What’s next

If the protocol is ICD pacer, Coreg and amiodarene, Whats next?  Ablation ? 


6 Comments

Not necessarily

by Gemita - 2023-09-07 17:45:55

Happygirl, 

Hello again, will you eventually require an ablation?   No not necessarily, especially if you don’t get another sustained VT episode or can find a way to prevent one from occurring say, for instance if they are exercise triggered, or caused by another treatable health condition or even electrolytes.  Are you actually taking Amiodarone?  Have they checked your ejection fraction recently?

As I stated in your previous post, you have the ICD as the ultimate treatment to stop this rhythm disturbance, so if you could find a way of tolerating an occasional shock, you wouldn’t perhaps require anything else, other than an effective rate lowering medication like your Coreg (beta blocker).  Unless VT occurs frequently you might not even need Amiodarone long term.  What do your doctors say about the best way forward?  Have they discussed an ablation?

What’s next?

by Happygirl8 - 2023-09-07 17:59:30

Gemita, thank you for respose ! Ablation has not been mentioned!  I haven't taken amiodarene yet! I'm just getting all the baseline tests first! I'm very confused! I know my EP doesn't  want me to have another VT episode. That's why he's prescribing amiodarone. It's preventative.  But I'm not having these episodes daily?  My heart is back to normal rhythm.  The ICD enabled my heart rhythm to go  back to normal after the episode ! I guess one episode is too many for him. So why did he implant an ICD? I thought that was the remedy? He said he doesn't want me to have these episodes so this is his recommendation.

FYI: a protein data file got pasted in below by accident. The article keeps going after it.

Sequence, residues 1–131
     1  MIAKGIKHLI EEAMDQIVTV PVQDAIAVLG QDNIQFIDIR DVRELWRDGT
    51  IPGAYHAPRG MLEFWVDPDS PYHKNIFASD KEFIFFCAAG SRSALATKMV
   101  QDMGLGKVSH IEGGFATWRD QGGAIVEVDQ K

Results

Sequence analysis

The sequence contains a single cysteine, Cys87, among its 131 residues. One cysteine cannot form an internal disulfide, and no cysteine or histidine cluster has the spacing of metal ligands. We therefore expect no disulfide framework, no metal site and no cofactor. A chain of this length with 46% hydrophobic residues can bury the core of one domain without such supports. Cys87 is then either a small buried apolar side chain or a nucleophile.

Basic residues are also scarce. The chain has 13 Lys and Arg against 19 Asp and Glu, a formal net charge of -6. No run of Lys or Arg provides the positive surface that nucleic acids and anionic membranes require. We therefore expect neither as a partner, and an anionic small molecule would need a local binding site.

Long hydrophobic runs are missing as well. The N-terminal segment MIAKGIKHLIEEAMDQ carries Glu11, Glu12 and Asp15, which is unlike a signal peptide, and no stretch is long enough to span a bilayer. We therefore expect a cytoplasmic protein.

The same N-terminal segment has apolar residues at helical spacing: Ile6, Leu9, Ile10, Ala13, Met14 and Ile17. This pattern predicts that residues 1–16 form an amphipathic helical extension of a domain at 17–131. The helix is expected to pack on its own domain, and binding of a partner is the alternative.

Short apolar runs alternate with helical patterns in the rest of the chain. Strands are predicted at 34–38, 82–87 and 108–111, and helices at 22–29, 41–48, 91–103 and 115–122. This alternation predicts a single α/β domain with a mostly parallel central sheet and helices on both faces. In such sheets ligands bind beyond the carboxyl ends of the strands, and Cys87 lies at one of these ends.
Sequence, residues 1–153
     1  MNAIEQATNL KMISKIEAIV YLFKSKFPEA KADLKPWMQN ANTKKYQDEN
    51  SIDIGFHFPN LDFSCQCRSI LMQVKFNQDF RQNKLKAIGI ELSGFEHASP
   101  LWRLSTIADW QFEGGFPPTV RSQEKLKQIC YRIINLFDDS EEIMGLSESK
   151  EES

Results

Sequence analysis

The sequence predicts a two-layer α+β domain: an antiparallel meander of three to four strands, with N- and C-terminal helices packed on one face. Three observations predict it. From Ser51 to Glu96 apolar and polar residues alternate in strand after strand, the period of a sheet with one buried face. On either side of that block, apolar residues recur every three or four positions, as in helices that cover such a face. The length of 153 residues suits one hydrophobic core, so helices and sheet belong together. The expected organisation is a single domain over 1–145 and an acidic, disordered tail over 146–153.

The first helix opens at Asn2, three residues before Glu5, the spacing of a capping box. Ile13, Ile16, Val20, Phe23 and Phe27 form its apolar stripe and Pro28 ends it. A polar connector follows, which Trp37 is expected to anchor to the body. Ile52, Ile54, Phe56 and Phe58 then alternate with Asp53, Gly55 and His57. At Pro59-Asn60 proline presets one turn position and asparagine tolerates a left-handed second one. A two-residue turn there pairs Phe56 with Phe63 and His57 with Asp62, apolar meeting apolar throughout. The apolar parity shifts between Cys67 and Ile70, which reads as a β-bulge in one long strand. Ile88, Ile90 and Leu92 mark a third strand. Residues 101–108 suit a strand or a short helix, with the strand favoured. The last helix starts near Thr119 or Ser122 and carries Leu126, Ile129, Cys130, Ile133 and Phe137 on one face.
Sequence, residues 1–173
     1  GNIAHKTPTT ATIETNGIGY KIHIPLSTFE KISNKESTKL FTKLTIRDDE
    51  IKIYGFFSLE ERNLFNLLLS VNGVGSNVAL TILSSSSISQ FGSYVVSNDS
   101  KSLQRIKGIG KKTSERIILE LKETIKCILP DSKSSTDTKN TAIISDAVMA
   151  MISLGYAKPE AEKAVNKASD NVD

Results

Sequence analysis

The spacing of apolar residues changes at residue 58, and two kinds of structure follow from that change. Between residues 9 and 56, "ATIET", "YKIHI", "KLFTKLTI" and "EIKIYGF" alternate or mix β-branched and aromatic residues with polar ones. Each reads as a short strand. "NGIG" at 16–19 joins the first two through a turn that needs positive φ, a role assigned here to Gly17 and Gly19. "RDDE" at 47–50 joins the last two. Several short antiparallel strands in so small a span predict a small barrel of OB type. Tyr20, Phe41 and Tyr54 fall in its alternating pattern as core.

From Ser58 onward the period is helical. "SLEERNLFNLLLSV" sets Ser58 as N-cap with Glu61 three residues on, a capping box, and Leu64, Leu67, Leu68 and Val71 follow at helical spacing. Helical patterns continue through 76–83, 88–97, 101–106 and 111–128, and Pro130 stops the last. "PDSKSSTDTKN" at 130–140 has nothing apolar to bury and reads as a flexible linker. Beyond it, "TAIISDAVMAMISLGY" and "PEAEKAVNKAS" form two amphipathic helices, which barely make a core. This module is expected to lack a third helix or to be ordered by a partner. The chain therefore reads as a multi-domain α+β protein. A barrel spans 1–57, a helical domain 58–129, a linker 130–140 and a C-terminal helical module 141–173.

My ejection fraction was 50-55% in July.  It improved from 40% in April! I'm not scheduled for one but I wonder if after a VT episode that I recently had, my EF will go down? Does a VT episode effect the EF? I have an appointment on October 5 with my cardiologist , I can ask him when I can have another ECHO .  My insurance may not approve if it's sooner than a  year?  

Take your time to consider all your options

by Gemita - 2023-09-07 18:14:16

Clearly if your EP feels from monitoring that you are in danger of getting further VT episodes, he will want to prevent this from happening and then triggering a shock.  I can understand this, although in your shoes I wouldn’t want to go rushing in unless I had to. 

Believe you had a low ejection fraction at one time.  Your EP no doubt wants to stop any VT episodes from pushing your ventricles too fast and then this leading to heart failure symptoms over time, hence the recommendation of Amiodarone and/or an ablation.  But perhaps we can try stopping VT from progressing by lifestyle changes first?  As long as you feel okay and your heart is steady and in normal sinus rhythm for most of the time, I would be confident that you have time to consider all your options more carefully.

The ICD was implanted to prevent sudden cardiac arrest

by Gemita - 2023-09-07 19:07:33